MONTESANO, Wash. -- Marisa Salzer wants to be treated like every other Montesano city council member, but she needs help.
"I am profoundly deaf," said Salzer. "If I take my hearing aids out I can't hear anything."
Salzer has asked the state's Human Rights Commission to investigate whether the city is doing enough to support the needs of her disability.
She is able to read lips, but during city council meetings she needs interpreters to make sure she doesn't miss anything.
When she took office last December, Salzer said, she was told there would be interpreters at every meeting.
Salzer said that has not been the case.
She explained that when meetings run longer than an hour, interpreters have to take breaks.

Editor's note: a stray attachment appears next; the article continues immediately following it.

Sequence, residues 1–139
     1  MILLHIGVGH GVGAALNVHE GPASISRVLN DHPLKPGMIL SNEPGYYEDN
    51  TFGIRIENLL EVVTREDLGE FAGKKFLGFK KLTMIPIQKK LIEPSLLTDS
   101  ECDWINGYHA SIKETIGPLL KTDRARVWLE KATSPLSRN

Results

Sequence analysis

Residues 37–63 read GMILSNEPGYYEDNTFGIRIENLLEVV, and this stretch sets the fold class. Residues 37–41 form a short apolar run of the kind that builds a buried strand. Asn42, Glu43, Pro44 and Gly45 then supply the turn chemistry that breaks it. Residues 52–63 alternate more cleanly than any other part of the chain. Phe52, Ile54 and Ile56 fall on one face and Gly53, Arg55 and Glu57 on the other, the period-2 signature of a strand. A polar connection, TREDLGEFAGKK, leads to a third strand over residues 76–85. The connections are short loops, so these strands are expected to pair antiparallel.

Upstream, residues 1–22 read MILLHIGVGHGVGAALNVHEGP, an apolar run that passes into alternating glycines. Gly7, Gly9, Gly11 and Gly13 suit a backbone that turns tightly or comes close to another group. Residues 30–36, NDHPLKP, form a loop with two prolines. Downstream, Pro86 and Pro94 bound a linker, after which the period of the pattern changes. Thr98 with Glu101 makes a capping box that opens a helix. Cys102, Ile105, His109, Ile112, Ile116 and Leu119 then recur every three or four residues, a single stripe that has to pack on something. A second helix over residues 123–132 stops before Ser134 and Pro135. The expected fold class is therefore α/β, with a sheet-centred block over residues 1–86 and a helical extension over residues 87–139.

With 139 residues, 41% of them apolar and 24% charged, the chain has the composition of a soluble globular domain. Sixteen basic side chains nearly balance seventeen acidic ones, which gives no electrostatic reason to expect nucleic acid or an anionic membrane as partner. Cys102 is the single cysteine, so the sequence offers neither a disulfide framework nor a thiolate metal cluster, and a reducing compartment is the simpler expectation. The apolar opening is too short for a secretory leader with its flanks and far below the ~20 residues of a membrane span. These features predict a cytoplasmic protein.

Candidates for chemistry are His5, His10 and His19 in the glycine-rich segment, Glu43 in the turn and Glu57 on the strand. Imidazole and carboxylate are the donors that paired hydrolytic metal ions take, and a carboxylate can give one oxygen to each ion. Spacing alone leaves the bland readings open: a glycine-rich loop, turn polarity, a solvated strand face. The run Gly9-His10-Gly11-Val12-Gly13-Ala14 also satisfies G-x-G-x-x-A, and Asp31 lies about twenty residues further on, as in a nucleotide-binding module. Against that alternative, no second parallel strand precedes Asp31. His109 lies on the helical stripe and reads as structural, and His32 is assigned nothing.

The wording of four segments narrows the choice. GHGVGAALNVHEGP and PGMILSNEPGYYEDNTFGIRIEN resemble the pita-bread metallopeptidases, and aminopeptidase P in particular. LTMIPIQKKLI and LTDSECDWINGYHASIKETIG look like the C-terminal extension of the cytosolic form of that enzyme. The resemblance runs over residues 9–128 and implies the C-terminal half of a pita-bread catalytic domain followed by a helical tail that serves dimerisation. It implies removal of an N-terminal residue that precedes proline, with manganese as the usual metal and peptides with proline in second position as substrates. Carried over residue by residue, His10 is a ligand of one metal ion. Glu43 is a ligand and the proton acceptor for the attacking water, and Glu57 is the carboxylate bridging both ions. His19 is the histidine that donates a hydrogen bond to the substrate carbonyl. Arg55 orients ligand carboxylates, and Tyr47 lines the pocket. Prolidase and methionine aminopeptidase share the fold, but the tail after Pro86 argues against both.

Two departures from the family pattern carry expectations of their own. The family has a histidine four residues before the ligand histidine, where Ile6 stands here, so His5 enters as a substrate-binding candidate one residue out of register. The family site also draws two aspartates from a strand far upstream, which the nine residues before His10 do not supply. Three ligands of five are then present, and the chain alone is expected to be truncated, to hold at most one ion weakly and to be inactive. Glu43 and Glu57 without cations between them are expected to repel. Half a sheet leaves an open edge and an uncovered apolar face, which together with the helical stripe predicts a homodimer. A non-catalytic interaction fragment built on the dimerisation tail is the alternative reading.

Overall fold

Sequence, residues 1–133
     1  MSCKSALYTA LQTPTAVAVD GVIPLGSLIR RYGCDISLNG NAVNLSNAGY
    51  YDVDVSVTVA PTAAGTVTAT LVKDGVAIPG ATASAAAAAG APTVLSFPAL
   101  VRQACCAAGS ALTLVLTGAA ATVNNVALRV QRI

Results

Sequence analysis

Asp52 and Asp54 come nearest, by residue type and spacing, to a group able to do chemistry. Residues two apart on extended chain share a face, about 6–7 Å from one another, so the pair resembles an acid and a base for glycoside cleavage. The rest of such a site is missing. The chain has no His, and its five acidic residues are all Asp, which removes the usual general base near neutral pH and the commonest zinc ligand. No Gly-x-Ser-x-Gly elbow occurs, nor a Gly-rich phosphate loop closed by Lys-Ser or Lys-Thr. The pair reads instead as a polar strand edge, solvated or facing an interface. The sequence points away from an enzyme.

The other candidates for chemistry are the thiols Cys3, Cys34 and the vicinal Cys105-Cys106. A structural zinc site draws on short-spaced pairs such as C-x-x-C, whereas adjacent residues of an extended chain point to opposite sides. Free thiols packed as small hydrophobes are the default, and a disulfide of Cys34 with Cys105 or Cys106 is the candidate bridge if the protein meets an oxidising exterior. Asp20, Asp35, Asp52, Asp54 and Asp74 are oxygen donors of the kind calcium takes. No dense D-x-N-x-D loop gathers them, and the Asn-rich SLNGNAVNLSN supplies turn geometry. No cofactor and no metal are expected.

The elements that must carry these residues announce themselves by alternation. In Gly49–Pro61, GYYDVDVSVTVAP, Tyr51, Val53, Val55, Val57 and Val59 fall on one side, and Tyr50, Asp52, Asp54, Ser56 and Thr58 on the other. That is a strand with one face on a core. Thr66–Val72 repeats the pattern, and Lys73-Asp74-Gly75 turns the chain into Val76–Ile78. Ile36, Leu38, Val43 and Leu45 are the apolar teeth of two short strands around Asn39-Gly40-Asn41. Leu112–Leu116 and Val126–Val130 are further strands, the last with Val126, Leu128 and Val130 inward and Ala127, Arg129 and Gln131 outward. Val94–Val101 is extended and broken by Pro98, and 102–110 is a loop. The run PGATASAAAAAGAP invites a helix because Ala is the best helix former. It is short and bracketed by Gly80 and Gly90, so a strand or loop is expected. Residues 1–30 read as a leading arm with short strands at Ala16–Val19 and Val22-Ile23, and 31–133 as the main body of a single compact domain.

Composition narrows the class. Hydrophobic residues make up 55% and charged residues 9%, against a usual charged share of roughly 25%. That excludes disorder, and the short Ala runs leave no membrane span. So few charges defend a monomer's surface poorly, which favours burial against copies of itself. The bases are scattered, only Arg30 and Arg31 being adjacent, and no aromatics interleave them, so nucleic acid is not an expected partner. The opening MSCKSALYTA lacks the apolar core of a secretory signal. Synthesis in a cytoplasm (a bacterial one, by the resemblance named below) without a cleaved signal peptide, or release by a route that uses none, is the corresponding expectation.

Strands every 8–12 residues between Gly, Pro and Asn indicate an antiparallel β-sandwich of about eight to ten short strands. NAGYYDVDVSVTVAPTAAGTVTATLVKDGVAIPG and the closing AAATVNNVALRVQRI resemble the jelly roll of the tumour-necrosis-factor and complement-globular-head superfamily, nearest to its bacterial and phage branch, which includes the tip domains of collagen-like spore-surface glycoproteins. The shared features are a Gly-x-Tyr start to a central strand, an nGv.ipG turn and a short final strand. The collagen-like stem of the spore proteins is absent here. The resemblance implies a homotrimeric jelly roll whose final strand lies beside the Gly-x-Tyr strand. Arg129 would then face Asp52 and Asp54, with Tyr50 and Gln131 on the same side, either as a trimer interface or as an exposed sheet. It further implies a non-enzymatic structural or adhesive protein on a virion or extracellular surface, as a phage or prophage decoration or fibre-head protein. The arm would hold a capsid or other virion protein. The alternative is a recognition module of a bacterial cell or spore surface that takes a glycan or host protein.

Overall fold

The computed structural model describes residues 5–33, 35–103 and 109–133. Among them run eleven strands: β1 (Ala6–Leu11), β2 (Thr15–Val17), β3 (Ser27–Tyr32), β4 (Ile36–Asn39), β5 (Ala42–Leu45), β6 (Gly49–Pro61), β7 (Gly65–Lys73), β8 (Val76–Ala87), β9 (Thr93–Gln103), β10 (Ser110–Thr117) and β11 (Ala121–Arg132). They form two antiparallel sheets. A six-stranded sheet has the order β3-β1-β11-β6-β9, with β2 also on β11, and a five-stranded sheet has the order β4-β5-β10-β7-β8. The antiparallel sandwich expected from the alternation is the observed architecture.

Salzer said she didn't feel comfortable voting on an issue because she wasn't able to understand what was being said without an interpreter.
"I was very sad, disappointed," said Salzer, "Because I knew I could do the job. I just want to be capable of doing the job."
Montesano Mayor Ken Estes said he has apologized to Salzer and will make sure there are two interpreters at every council meeting starting this month.
"I want her to have reasonable accommodations," said Estes, "I'm working hard to do it."
Salzer said she's "optimistic" things will change, but she still wants the state to investigate.
A spokesperson for the Human Rights Commission said it will be about a month before commission members decide if Salzer's claims are investigated.